In developing countries, one of the leading causes of death still remains illnesses caused by water contamination. There is a great need for devices that can measure – and improve – water quality, particularly in remote areas. In a paper entitled “Portable device for the detection of colorimetric assays,” a group of researchers from the University of British Columbia discusses how they used 3D printing to create an inexpensive, portable diagnostic device for rapid water quality, acidity and nitrate concentration detection.
Nitrite, in particular, was chosen as an analyte to be detected by the device because it is a significant water pollutant all over the world.
“Nitrite is widely used as a preservative and additive in food production, bleaches and dyes in the industry, and fertilizer in agriculture,” said research engineer George Luka. “However, it is classified as a health hazard because high nitrite concentration in water can cause many diseases such as methemoglobinemia, miscarriages and central nervous system defects at birth.”
The researchers developed a relatively simple 3D printed device that is battery-powered, wirelessly connected and equipped with a Raspberry Pi for data processing, storage and exchange. An LED provides backlighting, and an 8-megapixel resolution digital camera is used to image and record the color change in five different cuvettes containing the specific reagents required to perform the colorimetric assay.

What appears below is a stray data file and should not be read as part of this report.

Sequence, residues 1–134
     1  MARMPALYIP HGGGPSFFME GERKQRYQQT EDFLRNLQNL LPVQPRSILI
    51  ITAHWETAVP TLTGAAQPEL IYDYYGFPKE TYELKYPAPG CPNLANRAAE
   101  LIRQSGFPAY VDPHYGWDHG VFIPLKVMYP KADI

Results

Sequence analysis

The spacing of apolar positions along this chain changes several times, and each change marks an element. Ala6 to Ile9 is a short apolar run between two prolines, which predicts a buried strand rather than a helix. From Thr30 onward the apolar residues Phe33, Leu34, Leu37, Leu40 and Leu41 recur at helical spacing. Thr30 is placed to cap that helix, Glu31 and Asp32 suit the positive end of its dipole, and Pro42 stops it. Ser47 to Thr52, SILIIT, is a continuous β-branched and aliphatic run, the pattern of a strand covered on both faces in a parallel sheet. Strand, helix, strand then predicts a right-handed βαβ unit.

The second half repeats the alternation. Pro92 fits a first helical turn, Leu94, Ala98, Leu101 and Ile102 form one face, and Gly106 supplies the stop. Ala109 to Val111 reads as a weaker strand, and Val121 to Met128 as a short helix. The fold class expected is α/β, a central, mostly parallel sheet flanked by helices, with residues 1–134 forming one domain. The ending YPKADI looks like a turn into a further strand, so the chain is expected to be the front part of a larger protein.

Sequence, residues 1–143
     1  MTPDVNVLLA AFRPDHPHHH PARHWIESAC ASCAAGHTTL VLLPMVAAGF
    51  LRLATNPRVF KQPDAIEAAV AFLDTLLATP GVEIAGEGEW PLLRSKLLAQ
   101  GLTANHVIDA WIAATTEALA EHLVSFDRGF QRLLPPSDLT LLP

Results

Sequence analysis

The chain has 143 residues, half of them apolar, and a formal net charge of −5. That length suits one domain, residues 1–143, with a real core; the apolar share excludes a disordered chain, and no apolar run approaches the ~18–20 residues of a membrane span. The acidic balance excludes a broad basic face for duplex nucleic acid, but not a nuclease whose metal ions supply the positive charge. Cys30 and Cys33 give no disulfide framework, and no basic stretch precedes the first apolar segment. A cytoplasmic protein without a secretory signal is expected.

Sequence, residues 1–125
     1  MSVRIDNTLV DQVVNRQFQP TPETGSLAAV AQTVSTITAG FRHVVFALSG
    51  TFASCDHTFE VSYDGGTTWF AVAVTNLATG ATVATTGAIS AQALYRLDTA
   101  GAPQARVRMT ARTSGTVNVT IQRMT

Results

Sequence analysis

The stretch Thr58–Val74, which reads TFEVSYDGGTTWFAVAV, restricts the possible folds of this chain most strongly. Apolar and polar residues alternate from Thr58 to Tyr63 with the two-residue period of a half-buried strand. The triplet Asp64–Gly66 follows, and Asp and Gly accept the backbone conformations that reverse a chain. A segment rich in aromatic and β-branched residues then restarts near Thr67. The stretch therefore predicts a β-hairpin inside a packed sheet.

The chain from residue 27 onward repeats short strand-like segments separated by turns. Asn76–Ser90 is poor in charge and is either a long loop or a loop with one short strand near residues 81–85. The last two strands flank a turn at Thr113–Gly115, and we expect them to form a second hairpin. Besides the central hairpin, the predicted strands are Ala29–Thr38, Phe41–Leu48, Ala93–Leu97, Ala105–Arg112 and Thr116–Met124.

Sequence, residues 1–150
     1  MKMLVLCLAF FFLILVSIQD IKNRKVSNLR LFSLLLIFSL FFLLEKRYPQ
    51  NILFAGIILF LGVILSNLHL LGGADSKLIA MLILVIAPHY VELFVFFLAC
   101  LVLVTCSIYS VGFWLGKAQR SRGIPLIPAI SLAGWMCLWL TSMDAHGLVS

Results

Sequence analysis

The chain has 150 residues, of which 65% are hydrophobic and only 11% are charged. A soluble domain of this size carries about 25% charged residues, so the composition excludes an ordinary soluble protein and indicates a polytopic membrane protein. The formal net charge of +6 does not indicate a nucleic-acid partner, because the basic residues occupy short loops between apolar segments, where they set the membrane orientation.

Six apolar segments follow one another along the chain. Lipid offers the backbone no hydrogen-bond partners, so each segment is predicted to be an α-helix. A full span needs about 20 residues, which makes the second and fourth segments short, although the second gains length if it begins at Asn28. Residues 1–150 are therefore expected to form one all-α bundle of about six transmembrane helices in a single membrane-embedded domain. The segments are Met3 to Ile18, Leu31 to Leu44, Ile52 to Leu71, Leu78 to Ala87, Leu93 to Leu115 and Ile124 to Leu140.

“Using a standalone device rather than a smartphone also reduces the potential setbacks caused by new models of phones in the future and any incompatibilities that may arise,” said Luka.
In addition, compared with images taken by smartphones, the use of a fixed camera reduces the risk of human error, which can compromise the repeatability, sensitivity and reliability of colorimetric assays. However, the researchers do envision the possibility of using a smartphone for outputting data in the future, to further increase accessibility without compromising accuracy or precision.
In addition to water analysis, the device can potentially also be used for urinalysis and other colorimetric assays for environmental and medical applications.
In several other cases, 3D printing has been used to develop devices to measure and/or improve water quality. A 3D printable material was developed earlier this year with the potential to remove pollutants from both water and air, and everyone from college students to elementary school children have come up with ideas for simple water filtration systems, using 3D printing either for prototyping or production in order to reduce costs and time. The device developed by the University of British Columbia researchers does not filter or clean water, and it’s only a proof of concept at this time, but it shows a lot of promise for detecting harmful pollutants in water, potentially preventing illnesses and deaths. Its portability means that it can be used easily in remote locations, where water quality testing is the most critical – and its easy, inexpensive fabrication means that it can be deployed quickly all over the world. This proof of concept has a great deal of potential for use in agriculture and medicine as well.
Authors of the paper include Luka, E. Nowak, J. Kawchuk, M. Hoorfar and H. Najjaran.
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